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Albert Murray, Critic and Author, Dies at 97

Championed blues and jazz as integral to American identity

Albert Murray, a prolific and influential author, essayist and critic who advocated tirelessly for jazz and blues, died in his sleep in New York City Aug. 18. He was 97.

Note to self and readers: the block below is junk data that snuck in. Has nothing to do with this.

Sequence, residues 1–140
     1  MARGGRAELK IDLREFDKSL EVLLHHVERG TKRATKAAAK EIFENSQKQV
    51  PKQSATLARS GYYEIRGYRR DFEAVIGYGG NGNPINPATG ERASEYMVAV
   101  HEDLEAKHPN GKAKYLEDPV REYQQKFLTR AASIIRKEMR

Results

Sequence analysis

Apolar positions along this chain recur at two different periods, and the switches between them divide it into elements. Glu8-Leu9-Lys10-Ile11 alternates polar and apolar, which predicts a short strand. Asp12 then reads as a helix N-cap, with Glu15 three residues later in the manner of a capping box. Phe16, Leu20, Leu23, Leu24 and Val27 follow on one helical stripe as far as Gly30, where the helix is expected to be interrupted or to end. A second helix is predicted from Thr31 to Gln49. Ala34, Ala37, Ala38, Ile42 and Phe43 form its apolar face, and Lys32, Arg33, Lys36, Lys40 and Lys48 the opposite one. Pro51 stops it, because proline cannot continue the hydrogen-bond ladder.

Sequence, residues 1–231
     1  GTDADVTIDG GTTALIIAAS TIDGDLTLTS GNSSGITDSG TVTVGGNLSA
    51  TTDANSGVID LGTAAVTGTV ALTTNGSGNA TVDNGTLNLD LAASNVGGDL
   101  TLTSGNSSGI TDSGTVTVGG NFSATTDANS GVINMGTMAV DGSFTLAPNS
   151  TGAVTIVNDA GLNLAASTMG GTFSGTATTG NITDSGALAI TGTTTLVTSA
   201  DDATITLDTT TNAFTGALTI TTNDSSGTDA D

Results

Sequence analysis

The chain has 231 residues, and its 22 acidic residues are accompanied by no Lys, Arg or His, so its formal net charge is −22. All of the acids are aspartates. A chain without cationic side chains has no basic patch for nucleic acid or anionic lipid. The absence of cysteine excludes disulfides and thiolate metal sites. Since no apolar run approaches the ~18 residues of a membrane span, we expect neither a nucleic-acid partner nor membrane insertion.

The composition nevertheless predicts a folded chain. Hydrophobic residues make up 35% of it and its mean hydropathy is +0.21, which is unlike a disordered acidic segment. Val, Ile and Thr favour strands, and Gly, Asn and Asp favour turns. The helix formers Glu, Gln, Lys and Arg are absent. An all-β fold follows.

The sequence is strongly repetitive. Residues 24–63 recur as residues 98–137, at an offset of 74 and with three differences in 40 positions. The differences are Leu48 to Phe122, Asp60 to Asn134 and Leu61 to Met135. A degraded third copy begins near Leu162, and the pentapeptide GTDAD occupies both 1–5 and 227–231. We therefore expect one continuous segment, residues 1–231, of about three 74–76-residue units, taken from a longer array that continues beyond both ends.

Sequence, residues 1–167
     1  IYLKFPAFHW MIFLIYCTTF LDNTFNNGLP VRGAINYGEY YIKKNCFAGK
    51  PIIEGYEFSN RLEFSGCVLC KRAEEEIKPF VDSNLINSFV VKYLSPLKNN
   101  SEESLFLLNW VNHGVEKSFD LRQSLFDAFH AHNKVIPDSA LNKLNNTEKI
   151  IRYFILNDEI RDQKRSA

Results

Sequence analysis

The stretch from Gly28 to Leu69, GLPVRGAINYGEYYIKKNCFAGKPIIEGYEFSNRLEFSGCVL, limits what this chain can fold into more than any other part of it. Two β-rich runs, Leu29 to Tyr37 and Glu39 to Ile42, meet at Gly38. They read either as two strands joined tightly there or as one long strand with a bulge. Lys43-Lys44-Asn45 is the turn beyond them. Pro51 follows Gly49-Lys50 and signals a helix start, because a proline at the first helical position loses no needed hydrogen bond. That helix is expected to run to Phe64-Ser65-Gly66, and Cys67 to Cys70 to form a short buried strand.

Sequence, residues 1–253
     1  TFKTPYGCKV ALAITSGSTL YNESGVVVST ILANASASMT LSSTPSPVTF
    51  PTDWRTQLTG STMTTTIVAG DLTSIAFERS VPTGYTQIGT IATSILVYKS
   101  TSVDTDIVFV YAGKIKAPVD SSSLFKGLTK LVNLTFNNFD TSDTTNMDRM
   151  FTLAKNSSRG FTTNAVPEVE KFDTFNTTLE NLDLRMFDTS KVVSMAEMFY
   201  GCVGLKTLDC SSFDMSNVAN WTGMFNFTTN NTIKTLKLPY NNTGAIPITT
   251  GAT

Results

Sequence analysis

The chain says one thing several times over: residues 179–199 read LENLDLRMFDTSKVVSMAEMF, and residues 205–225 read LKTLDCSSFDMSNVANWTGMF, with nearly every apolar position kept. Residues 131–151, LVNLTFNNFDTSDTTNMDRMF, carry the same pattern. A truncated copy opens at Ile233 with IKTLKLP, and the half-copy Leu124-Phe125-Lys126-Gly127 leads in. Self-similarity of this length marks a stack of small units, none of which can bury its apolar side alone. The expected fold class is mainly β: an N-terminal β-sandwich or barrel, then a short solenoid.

In addition to his writings, Murray, along with Wynton Marsalis and Stanley Crouch, is credited with conceiving the institution that would ultimately become Jazz at Lincoln Center. Marsalis, in a statement released via JALC, said, “Albert Murray [was] one of America’s great cultural thinkers and one of our original champions. Albert’s conceptions are the intellectual foundation of our institution. He spoke eloquently on the significance of American vernacular to the fine art of jazz. Deeply philosophical about jazz’s rightful place in the pantheon of Western arts, Albert was an engaged listener to jazz of all styles, and had a profound belief in the transformative power of the music … ”

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